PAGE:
Max Scherzer and Jacob deGrom are dueling it out for this year's National League Cy Young Award. But, could one of them take home the NL MVP as well?
WASHINGTON — There is plenty of drama still left in the race for the National League Cy Young, to see whether Max Scherzer can win for a third straight year, or if Jacob deGrom, despite sitting on a single-digit win total, can make history. But, given the elite performances of this year’s top NL pitchers, could one of them snag the Most Valuable Player Award?
Through the end of play on Monday, the top four pitchers in the NL all had more wins above replacement, per Baseball Reference, than the top position player: deGrom (9.5), Aaron Nola (9.3), Scherzer (9.3) and Kyle Freeland (7.9) are all well in front of Lorenzo Cain (6.9). For those not intimately familiar with general WAR rankings, the all-encompassing stat doesn’t usually tilt so heavily toward either position players or pitchers.
Not since 2014 have the top three bWAR players in a league been pitchers — the last time an NL pitcher won the MVP (Clayton Kershaw). But, we haven’t seen a season where the top four bWAR players were all pitchers since 1913, when Babe Adams (9.1), Christy Mathewson (7.1), Pete Alexander (6.2) and Slim Sallee (6.1) topped the leader board. Mathewson finished the highest among that contingent in NL MVP voting that year, coming in fourth (Walter Johnson won the AL MVP with an insane 36 wins, 1.14 ERA and 16.4 WAR).
And, we haven’t seen a gap as drastic as the 2.6 WAR currently separating deGrom and Cain in quite some time. In 1995, Greg Maddux finished 2.1 WAR better than Barry Bonds, but still just finished third in the MVP race.
Per FanGraphs through Monday, just deGrom (8.3 fWAR) and Scherzer (6.8) ranked above the highest position player, Christian Yelich (6.6). Looking back at 2014, Kershaw’s 7.6 fWAR edged out Andrew McCutchen’s (7.4), a much closer finish, which may seem to bode well for deGrom or Scherzer’s chances. But, Kershaw and the Dodgers won the NL West, and Kershaw won 21 games (with just three losses). For the more old school voting crowd that cares about both team and player wins, there were other key factors helping propel Kershaw’s MVP candidacy.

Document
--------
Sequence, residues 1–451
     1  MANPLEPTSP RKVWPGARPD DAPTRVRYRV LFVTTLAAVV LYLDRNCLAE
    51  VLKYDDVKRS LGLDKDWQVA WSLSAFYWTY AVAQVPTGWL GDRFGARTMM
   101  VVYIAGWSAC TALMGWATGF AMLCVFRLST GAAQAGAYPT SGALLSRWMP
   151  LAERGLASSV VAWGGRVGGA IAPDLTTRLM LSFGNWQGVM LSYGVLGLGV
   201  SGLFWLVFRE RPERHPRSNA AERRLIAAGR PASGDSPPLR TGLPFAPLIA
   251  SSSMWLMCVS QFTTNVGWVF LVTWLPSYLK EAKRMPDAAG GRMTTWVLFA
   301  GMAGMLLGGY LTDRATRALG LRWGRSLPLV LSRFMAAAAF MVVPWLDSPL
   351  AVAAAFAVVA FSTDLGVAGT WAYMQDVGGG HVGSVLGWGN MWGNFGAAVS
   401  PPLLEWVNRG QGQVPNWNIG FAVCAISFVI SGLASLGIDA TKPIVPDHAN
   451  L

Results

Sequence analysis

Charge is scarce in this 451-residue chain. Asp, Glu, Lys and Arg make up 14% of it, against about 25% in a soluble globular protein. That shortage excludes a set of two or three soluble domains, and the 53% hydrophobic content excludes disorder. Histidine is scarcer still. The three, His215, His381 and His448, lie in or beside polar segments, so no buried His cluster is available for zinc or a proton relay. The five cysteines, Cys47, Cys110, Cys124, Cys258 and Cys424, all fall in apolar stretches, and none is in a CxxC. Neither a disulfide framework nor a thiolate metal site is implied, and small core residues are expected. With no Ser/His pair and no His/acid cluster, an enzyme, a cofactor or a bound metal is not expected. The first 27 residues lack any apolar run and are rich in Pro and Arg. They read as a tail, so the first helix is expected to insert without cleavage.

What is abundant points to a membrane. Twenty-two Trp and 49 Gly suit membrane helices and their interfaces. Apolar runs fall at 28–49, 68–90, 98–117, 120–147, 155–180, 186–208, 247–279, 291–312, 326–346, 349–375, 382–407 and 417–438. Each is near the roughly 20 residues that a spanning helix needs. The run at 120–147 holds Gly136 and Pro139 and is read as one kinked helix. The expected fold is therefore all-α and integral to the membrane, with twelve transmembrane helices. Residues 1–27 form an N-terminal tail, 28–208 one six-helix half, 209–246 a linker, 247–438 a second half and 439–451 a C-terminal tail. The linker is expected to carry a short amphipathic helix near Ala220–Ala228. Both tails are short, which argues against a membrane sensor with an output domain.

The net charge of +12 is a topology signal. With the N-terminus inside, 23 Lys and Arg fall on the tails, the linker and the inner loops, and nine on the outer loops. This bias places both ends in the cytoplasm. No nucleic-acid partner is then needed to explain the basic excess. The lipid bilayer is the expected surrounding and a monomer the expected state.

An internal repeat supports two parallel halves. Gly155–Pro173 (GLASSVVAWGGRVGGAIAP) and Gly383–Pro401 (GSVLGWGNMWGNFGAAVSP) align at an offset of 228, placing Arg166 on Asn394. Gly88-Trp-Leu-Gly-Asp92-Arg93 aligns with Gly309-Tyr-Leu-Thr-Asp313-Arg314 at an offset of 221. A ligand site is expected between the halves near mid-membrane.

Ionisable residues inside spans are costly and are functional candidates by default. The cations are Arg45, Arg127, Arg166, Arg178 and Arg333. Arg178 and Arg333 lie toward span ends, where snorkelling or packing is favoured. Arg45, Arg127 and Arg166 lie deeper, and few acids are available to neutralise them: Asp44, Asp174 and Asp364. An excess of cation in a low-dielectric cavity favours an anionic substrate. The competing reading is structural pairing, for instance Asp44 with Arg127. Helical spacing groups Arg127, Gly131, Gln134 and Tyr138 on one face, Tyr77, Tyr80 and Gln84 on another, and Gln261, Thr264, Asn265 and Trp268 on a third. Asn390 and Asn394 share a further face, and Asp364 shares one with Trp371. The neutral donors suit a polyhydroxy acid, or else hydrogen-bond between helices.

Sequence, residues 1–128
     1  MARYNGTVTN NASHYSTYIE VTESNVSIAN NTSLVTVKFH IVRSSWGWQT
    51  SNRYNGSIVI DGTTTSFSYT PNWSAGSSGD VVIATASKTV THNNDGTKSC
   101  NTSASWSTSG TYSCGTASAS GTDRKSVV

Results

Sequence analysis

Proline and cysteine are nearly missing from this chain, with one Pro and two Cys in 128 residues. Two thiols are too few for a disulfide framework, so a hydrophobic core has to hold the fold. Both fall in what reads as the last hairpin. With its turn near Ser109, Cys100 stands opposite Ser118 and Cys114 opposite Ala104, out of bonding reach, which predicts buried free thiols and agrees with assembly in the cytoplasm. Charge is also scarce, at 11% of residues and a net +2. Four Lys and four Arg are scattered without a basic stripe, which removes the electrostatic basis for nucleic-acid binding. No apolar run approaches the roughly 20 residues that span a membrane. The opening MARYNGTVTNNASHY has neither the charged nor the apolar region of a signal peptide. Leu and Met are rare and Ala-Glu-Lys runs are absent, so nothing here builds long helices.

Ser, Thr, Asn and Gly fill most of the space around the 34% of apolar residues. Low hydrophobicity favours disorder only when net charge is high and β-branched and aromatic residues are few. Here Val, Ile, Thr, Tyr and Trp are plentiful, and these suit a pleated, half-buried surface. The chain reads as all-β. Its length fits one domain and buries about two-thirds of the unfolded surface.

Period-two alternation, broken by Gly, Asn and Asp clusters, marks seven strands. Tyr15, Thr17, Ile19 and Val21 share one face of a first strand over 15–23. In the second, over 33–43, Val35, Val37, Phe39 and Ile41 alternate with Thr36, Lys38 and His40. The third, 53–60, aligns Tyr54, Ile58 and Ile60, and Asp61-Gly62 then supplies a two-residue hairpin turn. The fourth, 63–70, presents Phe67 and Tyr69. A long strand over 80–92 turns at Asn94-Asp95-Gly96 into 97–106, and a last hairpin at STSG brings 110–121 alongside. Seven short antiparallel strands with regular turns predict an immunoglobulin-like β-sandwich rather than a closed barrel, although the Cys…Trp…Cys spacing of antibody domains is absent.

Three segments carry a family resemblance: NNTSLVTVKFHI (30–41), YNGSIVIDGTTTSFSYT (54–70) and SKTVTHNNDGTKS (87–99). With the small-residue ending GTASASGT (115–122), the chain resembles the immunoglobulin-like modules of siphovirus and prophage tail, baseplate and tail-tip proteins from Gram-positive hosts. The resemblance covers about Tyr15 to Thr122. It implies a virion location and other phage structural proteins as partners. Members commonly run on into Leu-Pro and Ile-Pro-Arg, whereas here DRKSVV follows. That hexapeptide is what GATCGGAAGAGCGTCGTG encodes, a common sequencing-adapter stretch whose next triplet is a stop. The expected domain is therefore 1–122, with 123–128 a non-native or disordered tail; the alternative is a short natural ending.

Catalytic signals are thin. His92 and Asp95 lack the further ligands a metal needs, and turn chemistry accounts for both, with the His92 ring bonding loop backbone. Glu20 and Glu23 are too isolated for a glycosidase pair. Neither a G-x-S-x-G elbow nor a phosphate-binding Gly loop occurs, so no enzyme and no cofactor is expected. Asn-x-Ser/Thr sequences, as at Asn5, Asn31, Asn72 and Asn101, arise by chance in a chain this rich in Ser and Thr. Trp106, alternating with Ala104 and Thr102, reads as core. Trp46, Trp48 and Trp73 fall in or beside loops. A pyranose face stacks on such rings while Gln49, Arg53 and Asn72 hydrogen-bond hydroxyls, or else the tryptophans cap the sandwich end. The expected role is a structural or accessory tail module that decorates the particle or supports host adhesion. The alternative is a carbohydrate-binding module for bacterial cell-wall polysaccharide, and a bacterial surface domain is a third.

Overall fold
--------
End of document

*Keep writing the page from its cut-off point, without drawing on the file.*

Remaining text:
Those who remember Kershaw’s 2014 NL MVP victory may not see a pitcher winning the award as such a rarity. But, it simply doesn’t happen often, a trend that has only strengthened in recent history. Kershaw is the only NL pitcher since Maddux in 1995 to finish in the Top 5 of MVP voting. Though Justin Verlander won the AL MVP in 2011, Dallas Keuchel (5th in 2015) is the only other pitcher to sneak into the Top 5 since Pedro Martinez in 2000.
Before Kershaw, you have to go back to Bob Gibson in 1968 to find an NL MVP. Dennis Eckersley won the AL award as a reliever for the A’s in 1992, and Roger Clemens was the last AL starter other than Verlander, in 1986.
All those players share something in common as well — they pitched for playoff teams. In fact, of the 22 times a pitcher has won the MVP, his team has made the playoffs in all but two of those seasons — Hal Newhouser’s 1944 Detroit Tigers, who missed the AL pennant by a single game and Bobby Shantz, who won 24 games for a middling 1952 Philadelphia Athletics team.
All three of the top NL Cy Young contenders will miss the playoffs this year. Fair or not, some portion of the voting block still factors team success into the MVP Award (it’s why I include a playoff bonus as a component to my predictor model).
But, if there’s any hope in history, it’s in that 1952 season. Shantz and Allie Reynolds split the lead among the major statistical pitching categories. They finished 1-2 in the AL MVP vote, ahead of Mickey Mantle, who had a solid-but-unspectacular-by-his-standards year.
Though WAR wasn’t used back then, we know by retroactively applying the numbers that Shantz finished at an impressive 9.5, tops in the league and three full wins ahead of Mantle. With the absence of a standout offensive Triple Crown number performance — nobody batted above .327, hit more than 32 home runs or drove in more than 105 RBI — the door was open enough for Shantz (24-7, 2.48 ERA) to win.
With deGrom throwing his final start Wednesday and Scherzer possibly getting the ball one more time, the full story has yet to be written. There’s even a possibility that one could win the Cy Young and the other the MVP, as the voters are not the same for each award.
However it shakes out, it could provide for one of the most competitive, complicated and fascinating awards races we’ve had in quite some time.
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